Young women and children were wearing pantalettes under their dresses by 1820. The drawers were loose and made of two leg sections held together with a tie at the waist. Each panatalette leg was decorated with frills at the bottom edge.

Knickerbockers

The term knickers comes from the book written by Washington Irving in 1809 and called History of New York. He used the pen name Diedrick Knickerbocker. Herr Knickerbocker was supposedly descended from the original Dutch settlers in New York and was lampooned by the well-known caricaturist George Cruikshank. In illustrations in the book the Knickerbocker men were dressed in loose breeches, strapped or tied at the knee.

From then on the breeches were known as knickerbockers and were often used for sports activities. Women borrowed the knickerbockers to wear under their new draughty hoped cage crinolines. Drawers and Knickers soon came to mean the same undergarment.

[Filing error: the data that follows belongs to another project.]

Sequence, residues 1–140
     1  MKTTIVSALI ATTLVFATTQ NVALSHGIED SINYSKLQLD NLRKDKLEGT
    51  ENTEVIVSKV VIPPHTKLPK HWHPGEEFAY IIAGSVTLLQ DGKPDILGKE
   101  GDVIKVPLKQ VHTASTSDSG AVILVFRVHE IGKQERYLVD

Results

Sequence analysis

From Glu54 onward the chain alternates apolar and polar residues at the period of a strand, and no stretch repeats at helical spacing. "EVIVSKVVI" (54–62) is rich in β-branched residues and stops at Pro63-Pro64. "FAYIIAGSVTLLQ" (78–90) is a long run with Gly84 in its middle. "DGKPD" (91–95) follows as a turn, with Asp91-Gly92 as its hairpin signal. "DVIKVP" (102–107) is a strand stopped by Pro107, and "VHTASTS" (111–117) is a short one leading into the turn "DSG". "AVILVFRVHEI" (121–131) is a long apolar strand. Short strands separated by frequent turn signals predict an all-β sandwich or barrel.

Victorian Drawers to Combinations and Knickers

Drawers 1840-76

Queen Victoria’s standards of propriety were so stringent that she soon ensured that knickers became a staple of every woman’s wardrobe. In her younger days she was a leader of fashion and her hairstyle was much copied. Other styles she favoured were also followed. Such was her long term influence that by the dawn of the Edwardian era in 1901 only the poorest women went without underclothes simply due to the extra cost.